Near Sechin Bajo’s center an earthen mound with a base approximately 590 x 393 feet (180 x 120 m) wide towers nearly 60 feet (18 meters) over the ground below, and the site also features a large 50-foot square adobe slab raised a few feet over a sunken circular plaza, not unlike the kivas built by the Anasazi in the American Southwest.

Despite early excavations however, many of the site’s most impressive finds weren’t revealed until well into the 20th century, one of which was a badly worn carved adobe tablet 6.6 ft (2 meters) tall that appears to depict a man holding what looks like a knife in one hand and a severed human head in the other. 

Some archaeologists claim the head is actually a shield, but those who think it’s a head theorize that the site may have once been a ceremonial center that included human sacrifice. 

Historians think that Sechin Bajo and surrounding sites were conquered by marauders from the highlands around 1000 BC, after which agriculture, domesticated animals and distinctly different styles of art and architecture became more prominent. 

Though Sechin Bajo is the region’s most well-known ruin, it’s just one of many collectively known as the Sechin Complex. 

The complex’s multiple urban centers were once thought to be relatively autonomous, but it’s now believed that they were all parts, like neighborhoods or suburbs, of a larger integrated city.  

Sechin Bajo was probably abandoned permanently in the 15th century AD, after which it was largely used as a graveyard by locals. 

3. Chand Baori Stepwell

Located in the village of Abhaneri in Rajasthan, India, the massive Chand Baori stepwell is another wonder of ancient engineering that’s remained relatively obscure to all but locals, historians and archaeologists. 

Stepwells are large inverted pyramid shaped tanks or cisterns for collecting rainwater, and though they’re found in other countries like Cambodia and Pakistan, they’re most common on the Indian subcontinent, and Chand Baori is one of the largest and most impressive examples. 

As their name suggests, stepwells have steps built into their sides that allow access regardless of whether the water level is low or high. 

More than a thousand years ago multiple stepwells were built in arid Indian regions to provide year-round water, and due to their immense size and stone construction most took decades to build. 

According to local legend, ghosts built the Chand Baori stepwell in just one night.

What’s generally more accepted however, is that during the reign of Raja Chanda somewhere between the 8th and 9th centuries the region experienced a particularly harsh multi-year drought that dictated the well be built by more earthly means – namely skilled craftsman and laborers wielding relatively crude iron tools.

Concerned with the wellbeing of his people, and probably even more so with his own ability to remain ensconced in the lap of luxury to which he’d become accustomed, Chanda realized that something needed to be done.

And to that end, he commissioned the construction of what would become one of the countries largest and most ornate stepwells.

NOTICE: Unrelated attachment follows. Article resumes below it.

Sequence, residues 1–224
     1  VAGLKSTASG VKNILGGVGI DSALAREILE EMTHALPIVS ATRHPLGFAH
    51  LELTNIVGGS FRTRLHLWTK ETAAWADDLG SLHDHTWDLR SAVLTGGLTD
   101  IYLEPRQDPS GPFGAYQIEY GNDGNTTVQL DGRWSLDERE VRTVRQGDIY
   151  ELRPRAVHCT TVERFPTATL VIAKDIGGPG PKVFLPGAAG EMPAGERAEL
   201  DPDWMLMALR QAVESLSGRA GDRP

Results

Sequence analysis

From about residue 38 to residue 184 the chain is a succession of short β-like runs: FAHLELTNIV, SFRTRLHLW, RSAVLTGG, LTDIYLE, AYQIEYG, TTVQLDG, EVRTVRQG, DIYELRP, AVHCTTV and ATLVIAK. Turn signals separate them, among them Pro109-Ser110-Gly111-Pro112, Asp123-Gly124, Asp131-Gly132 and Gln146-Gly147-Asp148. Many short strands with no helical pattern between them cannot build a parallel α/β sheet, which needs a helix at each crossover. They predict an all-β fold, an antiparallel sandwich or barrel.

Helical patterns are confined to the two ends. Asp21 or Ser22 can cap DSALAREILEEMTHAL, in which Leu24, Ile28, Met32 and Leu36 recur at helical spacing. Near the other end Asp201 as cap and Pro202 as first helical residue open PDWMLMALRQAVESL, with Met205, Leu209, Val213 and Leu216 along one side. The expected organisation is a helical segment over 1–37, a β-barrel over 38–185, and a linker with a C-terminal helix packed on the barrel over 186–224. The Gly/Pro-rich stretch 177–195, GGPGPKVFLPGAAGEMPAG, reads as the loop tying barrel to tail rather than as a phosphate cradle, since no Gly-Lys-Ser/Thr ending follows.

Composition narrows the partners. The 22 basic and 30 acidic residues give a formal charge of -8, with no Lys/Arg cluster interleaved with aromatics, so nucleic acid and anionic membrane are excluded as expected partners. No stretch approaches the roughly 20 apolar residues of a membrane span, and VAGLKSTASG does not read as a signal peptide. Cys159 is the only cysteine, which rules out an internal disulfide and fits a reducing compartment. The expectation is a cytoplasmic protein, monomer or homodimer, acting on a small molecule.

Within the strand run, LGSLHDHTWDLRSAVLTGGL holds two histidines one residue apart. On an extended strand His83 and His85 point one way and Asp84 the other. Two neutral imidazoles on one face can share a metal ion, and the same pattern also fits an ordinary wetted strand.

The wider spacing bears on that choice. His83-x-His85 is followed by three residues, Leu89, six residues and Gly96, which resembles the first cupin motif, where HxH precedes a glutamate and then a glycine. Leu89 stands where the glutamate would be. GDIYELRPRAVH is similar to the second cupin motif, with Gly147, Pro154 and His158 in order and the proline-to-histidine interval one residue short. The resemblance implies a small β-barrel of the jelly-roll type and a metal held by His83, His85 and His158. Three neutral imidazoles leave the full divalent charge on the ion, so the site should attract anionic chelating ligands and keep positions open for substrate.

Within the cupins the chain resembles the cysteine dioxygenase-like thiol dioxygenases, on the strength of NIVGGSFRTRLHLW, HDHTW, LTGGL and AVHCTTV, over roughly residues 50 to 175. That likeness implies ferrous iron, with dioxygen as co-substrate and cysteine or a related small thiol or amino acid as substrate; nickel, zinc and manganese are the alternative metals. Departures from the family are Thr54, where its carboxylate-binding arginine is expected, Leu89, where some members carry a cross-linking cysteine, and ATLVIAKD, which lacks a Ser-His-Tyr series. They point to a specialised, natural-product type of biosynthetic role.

But no definitive evidence exists of how or when it was constructed, and if Raja was looking for a relatively quick solution to a pressing water problem, a multi-year project like a giant stepwell wouldn’t have given him a particularly speedy return on his investment. 

Nonetheless, Chand Baori was built, and at its lowest point it stretches more than 100 feet below the earth’s surface. 

Though that may not sound particularly impressive, each of the well’s four top sides are nearly twice that long, and more than 3,500 precisely hewn and perfectly leveled stone steps taper downward toward the well’s bottom. 

In fact, the structure more resembles a temple or Roman theater than an Indian water collection project. 

But unlike other stepwells, one of Chand Baori’s four sides isn’t staired, but includes an impressive three story stone pavilion with carved pillars, ornate sculptures and expansive balconies.

In addition, the upper stories of the pavilion and the well’s perimeter are ringed by a continuous row of arched porticos that were built much later, probably in the 18th century.

Along with nearby Harshat Mata Temple, both sites served as destinations for religious pilgrims, and probably served a number of ceremonial roles in addition to providing water for the area’s residents. 

Now Chand Baori is owned and managed by the government, and though it no longer serves its original purpose it’s still popular with pilgrims and tourists.

4. Tunnel of Eupalinos

Tunnel of Eupalinos Incredible Examples of Ancient Engineering
Tunnel of Eupalinos by Tomisti is licensed under CC-BY-SA

In many respects the ancient Greeks were well ahead of their time, but during Eupalinos’ lifetime, compasses, GPS surveying equipment and massive rock crushing diesel and hydraulic boring machines were still millennia away from being invented. 

But despite the limitations of the era in which he lived, the now famous Greek engineer planned and built one of the ancient world’s most impressive engineering marvels.